In July I started a Caloric Restriction Diet, fasting for an entire (calendar) day twice weekly. I did this out of a desire for the potential longevity benefits, but since then it's had a rather happy (albeit utterly predictable) side-effect: I lost 10 pounds!

Comment by aaboyles on Crazy Ideas Thread, Aug. 2015 · 2015-08-11T14:21:59.431Z · score: 12 (12 votes) · LW · GW

LW/CFAR should develop a rationality curriculum for Elementary School Students. While the Sequences are a great start for adults and precocious teens with existing sympathies to the ideas presented therein, there's very little in the way of rationality training accessible to (let alone intended for) children.

Comment by aaboyles on State-Space of Background Assumptions · 2015-07-29T01:14:36.505Z · score: 5 (5 votes) · LW · GW

Done. Looking forward to seeing your results!

Comment by aaboyles on Should We Shred Whole-Brain Emulation? · 2015-07-09T15:53:05.577Z · score: 3 (3 votes) · LW · GW

I am opening this thread to test the hypothesis that SuperIntelligence is plausible but that Whole-Brain Emulations would most likely become obsolete before they were even possible.

I'm not sure of what you're claiming here. Are you hypothesizing that a path to Superintelligence which requires WBE will likely be slower than a path which does not? Or something else, like that brain-based computation with good APIs will hold a relative advantage over WBE indefinitely?

Further, given the ability to do so, entities which were near to being Whole-Brain Emulations would rapidly choose to cease to be near Whole-Brain Emulations and move on to become something else.

Again, this could be clearer. Are you implying that a WBE in the process of being constructed will opt not to be completed before beginning to self-improve (i.e. become a neuromorph)?

Comment by aaboyles on Effective altruism and political power · 2015-06-17T18:26:42.709Z · score: 10 (10 votes) · LW · GW

Impact concerns notwithstanding, there are some practical constraints: Elon Musk and Sergey Brin are naturalized US Citizens, which makes them ineligible to serve as US President.

Comment by aaboyles on Simulate and Defer To More Rational Selves · 2015-06-04T15:50:46.666Z · score: 0 (0 votes) · LW · GW

A variation of this technique (pretending to be Batman) works for children.

Comment by aaboyles on Boxing an AI? · 2015-03-27T15:12:53.061Z · score: 0 (2 votes) · LW · GW

It's not a matter of "telling" the AI or not. If the AI is sufficiently intelligent, it should be able to observe that its computational resources are bounded, and infer the existence of the box. If it can't make that inference (and can't self-improve to the point that it can), it probably isn't a strong enough intelligence for us to worry about.

Comment by aaboyles on Can we decrease the risk of worse-than-death outcomes following brain preservation? · 2015-02-23T15:05:25.532Z · score: 0 (0 votes) · LW · GW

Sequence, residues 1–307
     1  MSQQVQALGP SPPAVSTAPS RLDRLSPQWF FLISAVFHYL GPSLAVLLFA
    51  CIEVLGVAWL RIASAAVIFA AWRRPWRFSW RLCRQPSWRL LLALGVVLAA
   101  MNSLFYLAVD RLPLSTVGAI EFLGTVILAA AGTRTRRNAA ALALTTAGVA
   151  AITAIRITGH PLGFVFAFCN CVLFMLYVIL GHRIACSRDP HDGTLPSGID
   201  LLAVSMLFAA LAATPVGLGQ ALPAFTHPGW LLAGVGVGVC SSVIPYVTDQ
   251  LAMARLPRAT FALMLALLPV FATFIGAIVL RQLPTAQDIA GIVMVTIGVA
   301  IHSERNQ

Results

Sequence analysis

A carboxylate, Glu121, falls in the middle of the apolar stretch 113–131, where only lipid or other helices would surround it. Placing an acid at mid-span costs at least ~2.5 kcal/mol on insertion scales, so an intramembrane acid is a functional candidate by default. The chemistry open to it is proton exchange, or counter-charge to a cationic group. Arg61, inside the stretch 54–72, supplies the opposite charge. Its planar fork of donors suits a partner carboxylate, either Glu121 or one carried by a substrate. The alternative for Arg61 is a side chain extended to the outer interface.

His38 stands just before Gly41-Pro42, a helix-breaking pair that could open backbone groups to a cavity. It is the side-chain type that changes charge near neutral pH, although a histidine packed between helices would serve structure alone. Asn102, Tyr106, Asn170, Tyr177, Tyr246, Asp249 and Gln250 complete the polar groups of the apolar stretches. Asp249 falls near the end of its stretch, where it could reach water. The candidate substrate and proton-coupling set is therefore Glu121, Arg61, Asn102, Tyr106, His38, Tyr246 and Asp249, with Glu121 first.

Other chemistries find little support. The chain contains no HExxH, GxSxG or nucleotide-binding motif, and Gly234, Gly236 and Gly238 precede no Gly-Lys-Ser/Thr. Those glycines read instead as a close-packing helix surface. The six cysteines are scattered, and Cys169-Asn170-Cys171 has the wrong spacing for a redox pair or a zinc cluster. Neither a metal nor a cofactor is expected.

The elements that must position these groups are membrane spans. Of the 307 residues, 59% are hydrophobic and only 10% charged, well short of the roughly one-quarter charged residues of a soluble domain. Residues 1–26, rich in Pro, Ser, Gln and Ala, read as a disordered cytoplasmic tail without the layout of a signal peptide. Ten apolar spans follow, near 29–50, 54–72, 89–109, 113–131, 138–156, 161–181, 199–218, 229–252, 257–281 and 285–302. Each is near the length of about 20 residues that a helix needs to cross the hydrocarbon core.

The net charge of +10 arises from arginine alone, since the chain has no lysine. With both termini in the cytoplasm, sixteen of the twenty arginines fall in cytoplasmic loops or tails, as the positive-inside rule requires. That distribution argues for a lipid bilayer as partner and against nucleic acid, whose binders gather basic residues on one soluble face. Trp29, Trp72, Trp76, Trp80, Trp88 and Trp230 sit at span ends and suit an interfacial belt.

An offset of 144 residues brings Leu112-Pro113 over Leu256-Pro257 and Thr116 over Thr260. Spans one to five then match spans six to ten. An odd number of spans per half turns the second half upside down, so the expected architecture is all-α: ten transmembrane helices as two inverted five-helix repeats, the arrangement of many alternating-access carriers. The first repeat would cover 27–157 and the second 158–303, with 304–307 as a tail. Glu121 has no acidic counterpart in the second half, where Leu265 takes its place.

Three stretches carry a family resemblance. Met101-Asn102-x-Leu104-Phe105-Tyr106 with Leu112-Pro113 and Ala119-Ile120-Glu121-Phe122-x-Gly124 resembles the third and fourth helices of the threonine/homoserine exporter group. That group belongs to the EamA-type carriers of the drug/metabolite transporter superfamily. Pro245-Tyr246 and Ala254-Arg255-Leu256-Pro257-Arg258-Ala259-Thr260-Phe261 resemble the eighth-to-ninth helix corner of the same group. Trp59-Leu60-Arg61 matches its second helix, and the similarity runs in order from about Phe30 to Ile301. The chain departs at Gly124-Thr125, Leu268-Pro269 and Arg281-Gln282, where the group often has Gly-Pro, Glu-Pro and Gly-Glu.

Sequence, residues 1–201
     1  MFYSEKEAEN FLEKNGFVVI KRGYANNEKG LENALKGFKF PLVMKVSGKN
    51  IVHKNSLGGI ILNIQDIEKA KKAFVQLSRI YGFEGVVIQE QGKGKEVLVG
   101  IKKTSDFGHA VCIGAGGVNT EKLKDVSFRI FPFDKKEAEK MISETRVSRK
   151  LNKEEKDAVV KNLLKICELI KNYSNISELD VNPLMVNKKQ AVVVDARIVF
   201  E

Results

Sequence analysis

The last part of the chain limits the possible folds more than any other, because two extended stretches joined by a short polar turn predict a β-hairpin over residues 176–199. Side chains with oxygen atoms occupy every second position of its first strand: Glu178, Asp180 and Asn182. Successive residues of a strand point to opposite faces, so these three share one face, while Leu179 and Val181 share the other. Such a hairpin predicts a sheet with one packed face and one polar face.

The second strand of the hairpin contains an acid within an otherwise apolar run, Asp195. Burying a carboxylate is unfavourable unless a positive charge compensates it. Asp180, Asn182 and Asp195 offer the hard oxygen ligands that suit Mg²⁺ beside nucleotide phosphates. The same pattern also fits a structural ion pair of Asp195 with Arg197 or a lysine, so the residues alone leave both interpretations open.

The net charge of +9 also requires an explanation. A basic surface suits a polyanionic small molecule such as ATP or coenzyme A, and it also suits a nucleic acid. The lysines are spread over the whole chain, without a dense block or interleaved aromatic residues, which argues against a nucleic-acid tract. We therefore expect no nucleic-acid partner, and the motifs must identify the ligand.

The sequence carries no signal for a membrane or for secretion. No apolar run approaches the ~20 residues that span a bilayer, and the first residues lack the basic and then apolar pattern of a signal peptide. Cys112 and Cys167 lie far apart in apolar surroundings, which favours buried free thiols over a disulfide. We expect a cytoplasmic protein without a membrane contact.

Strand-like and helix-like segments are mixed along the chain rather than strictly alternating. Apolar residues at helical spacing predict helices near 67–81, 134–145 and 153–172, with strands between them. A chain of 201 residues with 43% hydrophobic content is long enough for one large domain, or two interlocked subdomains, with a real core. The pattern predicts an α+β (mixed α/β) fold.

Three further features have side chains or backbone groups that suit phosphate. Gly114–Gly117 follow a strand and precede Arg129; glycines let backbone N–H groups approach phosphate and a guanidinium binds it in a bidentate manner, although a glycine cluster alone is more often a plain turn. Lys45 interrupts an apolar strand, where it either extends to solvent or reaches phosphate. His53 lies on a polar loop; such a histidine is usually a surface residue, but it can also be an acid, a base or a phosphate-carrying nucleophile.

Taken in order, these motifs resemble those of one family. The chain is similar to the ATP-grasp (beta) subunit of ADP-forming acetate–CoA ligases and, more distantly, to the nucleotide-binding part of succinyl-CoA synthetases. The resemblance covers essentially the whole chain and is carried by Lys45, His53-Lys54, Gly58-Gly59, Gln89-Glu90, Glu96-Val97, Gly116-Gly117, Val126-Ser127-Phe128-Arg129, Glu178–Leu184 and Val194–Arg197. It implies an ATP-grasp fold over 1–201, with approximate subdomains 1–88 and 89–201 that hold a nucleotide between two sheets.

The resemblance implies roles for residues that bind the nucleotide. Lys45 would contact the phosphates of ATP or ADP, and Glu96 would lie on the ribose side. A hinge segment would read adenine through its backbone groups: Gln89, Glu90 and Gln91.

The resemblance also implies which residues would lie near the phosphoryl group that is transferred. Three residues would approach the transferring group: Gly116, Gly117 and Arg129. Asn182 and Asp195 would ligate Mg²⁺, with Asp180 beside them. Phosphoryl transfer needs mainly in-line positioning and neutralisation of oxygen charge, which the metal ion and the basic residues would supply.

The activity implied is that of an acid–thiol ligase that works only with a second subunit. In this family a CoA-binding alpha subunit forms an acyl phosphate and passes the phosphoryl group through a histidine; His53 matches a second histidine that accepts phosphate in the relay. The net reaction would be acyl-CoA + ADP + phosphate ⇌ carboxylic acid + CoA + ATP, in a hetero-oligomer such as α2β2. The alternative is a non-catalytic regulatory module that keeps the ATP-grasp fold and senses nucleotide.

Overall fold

The circumstances under which I would opt to be killed are extremely specific. Namely, I would want not to be revived if I were to be tortured indefinitely. This is actually more specific than it sounds: in order for this to occur, there must exist an entity which would soon possess the ability to revive me, and an incentive to do so rather than just allowing me to die. I find this to be such an extreme edge case that I'm actually uncomfortable with the characterization of the conversation. Instead, I'd turn around the result in question: under what circumstances do you want to be revived?

Trivially, we should want to be revived into a civilization which possesses the technology to revive us at all, and subsequently extend our lives. If circumstances are bad on Earth, we should prefer to defer our revival until those circumstances improve. If they never do, the overwhelming probability is that cryonic remains will simply be forgotten, turned off, and the frozen are never revived. But building a terminal death condition which might be triggered denies us the probability of waiting out those bad circumstances.

tl;dr Don't choose death, choose deferment.

Comment by aaboyles on LINK: Guinea worm disease close to eradication · 2015-01-16T18:06:24.165Z · score: 9 (9 votes) · LW · GW

We might not want to draw that tick mark just yet. Our other "Global Eradication Target", Polio, has dropped into the 10^3 range of annual cases several times. The New York Times likened beating those last few cases to "Trying to squeeze Jell-O to death." Not that humanity doesn't deserve a collective pat on the back, but let's not call the job done until the job is done.

Comment by aaboyles on Simulate and Defer To More Rational Selves · 2015-01-05T19:44:14.790Z · score: 1 (1 votes) · LW · GW

I've been working on noticing that I'm arguing with them, and running a mental process to halt those threads. It helps a lot in the moment. More importantly, it may even be having a preventative effect--I think I'm experiencing these imaginary fights less often.

Comment by aaboyles on Identity crafting · 2014-12-31T19:59:15.823Z · score: 2 (2 votes) · LW · GW

My (imperfect, incomplete) solution to dealing with this is to establish a canonical format and data source. For example, my list of book to read is saved as an extensive Amazon Wish List. This both ensures I don't waste time reconstructing the hundreds of books I've already listed and lowers the barrier to actually obtaining the books (I could literally click once and have the book on my Kindle), leaving only the hard part of actually reading it. I'm still working on the mental process which transitions from the list to the action.